There is no comparison between a freshly-picked, grown-in-full-sun tomato and anything sold at a store.
I appreciate that stores are bringing in more choices, but they pale in comparison with what you can grow.
It is a great time to start tomatoes from seed or to plant starts from a nursery. When both the days and nights are warm, seeds can be sown directly into a prepared garden bed.
Preparations should include choosing a sunny location that has not recently had tomatoes, peppers, potatoes, strawberries or eggplant grown in it, and the soil should be amended with compost or a planting mix.
Choosing the variety of tomato you wish to grow can be a little daunting.
First decide which type — or types — you prefer: slicers (or globe), paste (or sauce) and cherry.
Frankly, any of them can work for just about any application — I’ve used all three kinds in salsa, and it always comes out great. But I don’t know if I would recommend slicing cherry tomatoes for sandwiches.
Once you know the type of tomato you wish to grow, you can choose the variety. There are two sets of categories to work with.
One is whether to grow open-pollinated plants, such as heirlooms, or hybrid plants. One basic difference is you can save the seed from the open-pollinated tomatoes to grow the same variety again next season. The advantage of hybrids is that they are likely to have been bred to be more resistant to some of the diseases that can afflict tomatoes. There are other differences, but those are the main two.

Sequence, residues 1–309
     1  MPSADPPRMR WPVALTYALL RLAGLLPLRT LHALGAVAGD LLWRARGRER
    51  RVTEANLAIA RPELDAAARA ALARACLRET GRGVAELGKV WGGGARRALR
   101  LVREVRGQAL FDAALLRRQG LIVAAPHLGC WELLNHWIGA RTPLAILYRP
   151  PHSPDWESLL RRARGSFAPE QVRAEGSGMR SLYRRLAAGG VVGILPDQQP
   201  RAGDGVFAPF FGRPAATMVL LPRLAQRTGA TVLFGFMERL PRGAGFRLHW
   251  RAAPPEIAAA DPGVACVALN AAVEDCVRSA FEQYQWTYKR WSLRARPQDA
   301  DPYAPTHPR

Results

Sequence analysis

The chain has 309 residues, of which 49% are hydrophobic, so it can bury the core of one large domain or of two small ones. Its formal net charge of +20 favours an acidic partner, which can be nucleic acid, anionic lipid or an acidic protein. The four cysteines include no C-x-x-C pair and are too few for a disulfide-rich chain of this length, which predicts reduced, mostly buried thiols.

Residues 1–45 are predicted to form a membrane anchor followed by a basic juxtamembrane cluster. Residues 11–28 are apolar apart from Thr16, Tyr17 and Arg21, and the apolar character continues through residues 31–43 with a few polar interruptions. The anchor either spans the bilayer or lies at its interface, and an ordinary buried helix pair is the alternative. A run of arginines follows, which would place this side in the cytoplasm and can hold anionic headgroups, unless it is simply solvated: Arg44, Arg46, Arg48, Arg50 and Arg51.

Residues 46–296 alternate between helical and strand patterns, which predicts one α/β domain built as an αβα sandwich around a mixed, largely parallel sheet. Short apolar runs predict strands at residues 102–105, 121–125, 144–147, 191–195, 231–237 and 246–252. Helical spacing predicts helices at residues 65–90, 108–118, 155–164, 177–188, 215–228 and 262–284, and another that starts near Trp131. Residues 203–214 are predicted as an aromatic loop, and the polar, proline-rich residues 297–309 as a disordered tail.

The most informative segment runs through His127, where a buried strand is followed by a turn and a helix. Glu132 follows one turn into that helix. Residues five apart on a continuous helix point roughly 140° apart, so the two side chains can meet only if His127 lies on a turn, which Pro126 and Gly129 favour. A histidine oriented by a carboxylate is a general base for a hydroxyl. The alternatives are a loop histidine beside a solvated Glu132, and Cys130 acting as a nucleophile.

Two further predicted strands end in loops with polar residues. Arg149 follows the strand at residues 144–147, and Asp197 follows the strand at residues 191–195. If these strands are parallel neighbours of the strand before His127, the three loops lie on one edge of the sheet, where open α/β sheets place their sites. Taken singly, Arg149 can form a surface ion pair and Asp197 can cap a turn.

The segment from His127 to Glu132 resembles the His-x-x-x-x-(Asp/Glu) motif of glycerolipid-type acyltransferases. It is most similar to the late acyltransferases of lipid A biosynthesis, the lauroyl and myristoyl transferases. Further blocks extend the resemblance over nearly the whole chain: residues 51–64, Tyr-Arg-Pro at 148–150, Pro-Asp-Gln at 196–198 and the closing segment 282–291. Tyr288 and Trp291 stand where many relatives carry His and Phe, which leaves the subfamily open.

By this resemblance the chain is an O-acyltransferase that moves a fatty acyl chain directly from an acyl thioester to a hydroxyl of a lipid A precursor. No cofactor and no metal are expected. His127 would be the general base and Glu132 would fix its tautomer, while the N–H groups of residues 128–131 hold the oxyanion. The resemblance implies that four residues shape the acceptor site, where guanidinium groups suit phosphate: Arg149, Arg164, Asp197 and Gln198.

The other choice is determinate or indeterminate. Determinate tomato plants grow to a certain size and stop, setting all the fruit at approximately the same time. This behavior is great for the home canner or large-batch sauce-maker. An indeterminate plant produces fruit until it is killed by frost, which is best for most home gardeners who wish to harvest tomatoes all season. Indeterminate tomatoes greatly benefit from staking or caging.
Tomatoes require regular watering, usually 1 inch to 2 inches a week, delivered on a schedule. Irregular watering can lead to blossom-end rot, which is characterized by fruits that are brown-black on the bottom.
With a little preparation and a few careful choices, every home gardener can enjoy a bounty of sweet, richly-flavored tomatoes.
• The Green Thumb is a column by Tracy’s master gardeners. University of California-certified master gardeners are available to answer gardening questions from 9 a.m. to noon Tuesdays, Wednesdays and Thursdays at 953-6112 or firstname.lastname@example.org. Questions for Heather Hamilton can be sent to email@example.com.